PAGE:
Currier earned the Combat Infantryman Badge at Anzio, later awarded per Special Orders 115, Headquarters 504th Parachute Infantry Regiment, dated August 10, 1944. 

The 504th was pulled out of the line on the night of March 22–23, 1944. A little over two weeks later, the regiment shipped out from Naples aboard the British transport Capetown Castle to rejoin the rest of the 82nd Airborne Division in the United Kingdom. 

If not before, by September 1944, Currier was platoon leader in 3rd Platoon of Company “A.” In a letter to Lieutenant Currier’s father dated January 13, 1945, his platoon sergeant, William Joseph Schlachter (1914–1959), wrote: 

First I would like to tell you how much we t[h]ought of your son. […] Being closer to the men than a officer, they would tell me what they think of their officer and they sure t[h]ought the world of your Son. I[’]ve heard a lot of boys say they would follow him any place that he wanted to go. I just can’t tell you in writing how much the boys thought of him. He was very proud of his boys and could not do enough for them. 

Operation Market Garden 

The 504th Parachute Infantry Regiment arrived in England on April 22, 1944. Its casualties in Italy had been so high that it could not be rebuilt in time to participate in the invasion of Normandy some six weeks later. Only a handful of pathfinders from the regiment jumped at Normandy. The unit’s next operation took place in mid-September 1944: Operation Market Garden.  

Capitalizing on what seemed like the collapse of a Germany army in full retreat from France and Belgium, Allied objectives were bold. Market Garden represented the largest scale airborne operation launched up until that point. Along with the American 101st Airborne Division, the British 1st Airborne Division, and the Polish 1st Independent Parachute Brigade, the 82nd Airborne Division’s orders were to capture and hold bridges in the Netherlands, securing a route of advance for a British armored force moving north from the Belgian border. Doing so would allow Allied ground forces to bypass the German Siegfried Line (Westwall) and penetrate deep into the Ruhr, potentially shortening the war by months. The final bridge, Arnhem, was nearly 65 miles behind enemy lines, making this the deepest airborne penetration that the Allies attempted in the European Theater during the entire war. 

82nd Airborne Division paratroopers boarding a plane at Cottesmore, England, on September 17, 1944 (Official U.S. Army Signal Corps photo 111-SC-213277, National Archives)

The 82nd Airborne Division alone was responsible for capturing nine bridges. Ground forces could be rerouted if at least one bridge over a particular body of water was captured intact and smaller bridges (like those over canals) could be rebuilt. However, if the Germans held or destroyed the larger bridges over any wide bodies of water (like the Waal or Rhine at Nijmegen and Arnhem respectively), Market Garden would fail.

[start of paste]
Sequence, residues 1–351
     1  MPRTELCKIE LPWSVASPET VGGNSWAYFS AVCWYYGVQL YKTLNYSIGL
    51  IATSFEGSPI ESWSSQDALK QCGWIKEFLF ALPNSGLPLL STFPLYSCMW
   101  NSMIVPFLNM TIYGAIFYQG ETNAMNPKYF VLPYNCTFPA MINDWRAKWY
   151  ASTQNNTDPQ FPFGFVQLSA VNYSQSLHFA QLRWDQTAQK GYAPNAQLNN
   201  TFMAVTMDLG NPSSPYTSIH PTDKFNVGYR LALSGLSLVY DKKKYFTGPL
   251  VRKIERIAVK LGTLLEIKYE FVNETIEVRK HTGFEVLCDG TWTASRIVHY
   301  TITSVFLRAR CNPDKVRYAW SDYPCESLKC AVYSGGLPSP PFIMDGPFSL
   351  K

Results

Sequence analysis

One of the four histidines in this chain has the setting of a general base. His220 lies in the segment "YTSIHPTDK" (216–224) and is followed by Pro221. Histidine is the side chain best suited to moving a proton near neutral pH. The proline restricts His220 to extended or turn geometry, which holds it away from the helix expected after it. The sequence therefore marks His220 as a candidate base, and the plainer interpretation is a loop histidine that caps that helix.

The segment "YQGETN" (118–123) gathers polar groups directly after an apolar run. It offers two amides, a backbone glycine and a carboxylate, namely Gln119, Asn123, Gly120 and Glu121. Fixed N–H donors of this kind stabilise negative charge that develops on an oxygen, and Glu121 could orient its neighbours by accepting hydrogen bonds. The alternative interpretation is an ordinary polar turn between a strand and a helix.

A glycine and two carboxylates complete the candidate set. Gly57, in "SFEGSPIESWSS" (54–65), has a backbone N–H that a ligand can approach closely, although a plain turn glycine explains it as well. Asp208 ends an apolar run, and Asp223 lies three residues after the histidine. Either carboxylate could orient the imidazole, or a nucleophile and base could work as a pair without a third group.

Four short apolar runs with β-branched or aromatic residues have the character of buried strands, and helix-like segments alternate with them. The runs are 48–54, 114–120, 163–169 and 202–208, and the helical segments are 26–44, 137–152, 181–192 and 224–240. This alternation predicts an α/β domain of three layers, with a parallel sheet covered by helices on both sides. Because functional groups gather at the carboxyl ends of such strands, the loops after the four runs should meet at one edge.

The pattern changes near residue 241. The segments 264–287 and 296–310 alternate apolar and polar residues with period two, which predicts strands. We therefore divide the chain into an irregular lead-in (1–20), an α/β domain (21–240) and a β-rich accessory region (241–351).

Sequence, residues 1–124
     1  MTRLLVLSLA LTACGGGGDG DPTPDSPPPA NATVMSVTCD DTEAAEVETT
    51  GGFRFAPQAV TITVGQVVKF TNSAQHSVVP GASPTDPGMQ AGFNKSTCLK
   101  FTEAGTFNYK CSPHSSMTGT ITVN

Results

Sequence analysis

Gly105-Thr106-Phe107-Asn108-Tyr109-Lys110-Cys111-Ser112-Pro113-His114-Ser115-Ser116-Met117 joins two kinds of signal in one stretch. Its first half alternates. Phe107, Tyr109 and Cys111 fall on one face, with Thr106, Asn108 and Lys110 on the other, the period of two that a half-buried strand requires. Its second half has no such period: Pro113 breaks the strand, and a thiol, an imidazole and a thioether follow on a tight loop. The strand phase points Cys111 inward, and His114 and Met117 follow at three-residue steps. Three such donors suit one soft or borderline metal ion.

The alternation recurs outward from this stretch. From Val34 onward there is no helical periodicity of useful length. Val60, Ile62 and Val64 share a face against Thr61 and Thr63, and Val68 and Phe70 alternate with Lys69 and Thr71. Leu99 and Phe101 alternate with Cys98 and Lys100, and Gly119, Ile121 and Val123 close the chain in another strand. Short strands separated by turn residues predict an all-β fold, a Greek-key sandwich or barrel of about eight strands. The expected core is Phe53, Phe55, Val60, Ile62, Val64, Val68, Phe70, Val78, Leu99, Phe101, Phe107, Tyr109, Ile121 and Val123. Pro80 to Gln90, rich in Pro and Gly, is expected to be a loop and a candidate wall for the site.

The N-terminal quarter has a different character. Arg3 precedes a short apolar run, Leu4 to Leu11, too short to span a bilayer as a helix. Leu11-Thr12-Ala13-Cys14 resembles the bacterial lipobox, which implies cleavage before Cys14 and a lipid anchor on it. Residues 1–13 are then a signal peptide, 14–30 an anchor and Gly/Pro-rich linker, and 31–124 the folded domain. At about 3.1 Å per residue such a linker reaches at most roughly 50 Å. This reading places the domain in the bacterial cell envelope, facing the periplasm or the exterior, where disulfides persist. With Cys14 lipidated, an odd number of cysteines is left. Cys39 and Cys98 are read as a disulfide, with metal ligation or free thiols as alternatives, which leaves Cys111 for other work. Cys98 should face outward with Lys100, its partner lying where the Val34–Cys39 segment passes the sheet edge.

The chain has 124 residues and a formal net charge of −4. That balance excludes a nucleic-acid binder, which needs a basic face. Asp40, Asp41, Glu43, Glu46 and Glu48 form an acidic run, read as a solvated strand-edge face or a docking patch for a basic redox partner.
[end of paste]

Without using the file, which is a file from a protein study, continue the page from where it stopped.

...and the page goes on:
Most of the 504th Parachute Infantry Regiment (including Currier’s 1st Battalion) were scheduled to jump at Drop Zone “O” (Drop Zone “Oboe,” in the phonetic alphabet of the era), located near Overasselt. The D.Z. was south of Nijmegen and east of Grave on the north bank of the river Maas. 1st Battalion’s initial objectives were to seize a pair of bridges over the Maas-Waal Canal east of their D.Z. The battalion after action report stated that Company “A,” which “in addition to its own light machine guns, also carried the battalion machine guns (eight LMGs), and the battalion mortars” and “was to take up supporting positions so that it could swing to the aid of either company in case of heavy resistance” while they assaulted the bridges. The company history stated that the original plan was for “3d Plat to lay down a base of fire to enable Co B to take Bridge #7” at Heuman while 1st Platoon helped Company “C” take Bridge 8 east of Blankenberg. 

Lieutenant Currier and his men boarded their aircraft in England. German antiaircraft fire rattled 1st Battalion’s aircraft as they flew over the Netherlands, but they made it to their drop zone intact. The Company “A” after action report for Operation Market Garden reported: 

Co A was airborne at 1100, 17 September, and reached the drop zone at 1317.  The company dropped over an area about 700 yards square and one man, Pvt Max D. Edmondson, was hit by a bundle and killed.  They did not assemble as a company, but every man picked up what he could and headed for the windmill at 679541 [51° 46’ 13” North, 5° 49’ 24” East]. 

As of 1440 hours, Lieutenant Currier was still “trying to round up his men on the drop zone.” 20 minutes later, Captain Charles W. Duncan dispatched him to Bridge 7. While Currier and his men approached Bridge 7, the regiment suffered a setback when the Germans blew up Bridge 8 in the faces of the approaching paratroopers. The next bridge north, Bridge 9, was also destroyed. 

Lieutenant Currier and “3d Plat made physical contact with Co B at 698543 [51° 46’ 21” North, 5° 51’ 03” East, though presumably they were on the west rather than the east side of the canal], where all were pinned down by heavy sniper fire.” German soldiers on an island in the canal at the site defended Bridge 7. “At 1930, nine men under Sgt Daniel W. Schaffer participated in taking the island in company with Co B.” 

Detail from a 1/25,000 U.S. Army map of the Groesbeek area, with the windmill where the paratroopers rallied and Bridge 7 circled (Library of Congress, annotated by the author)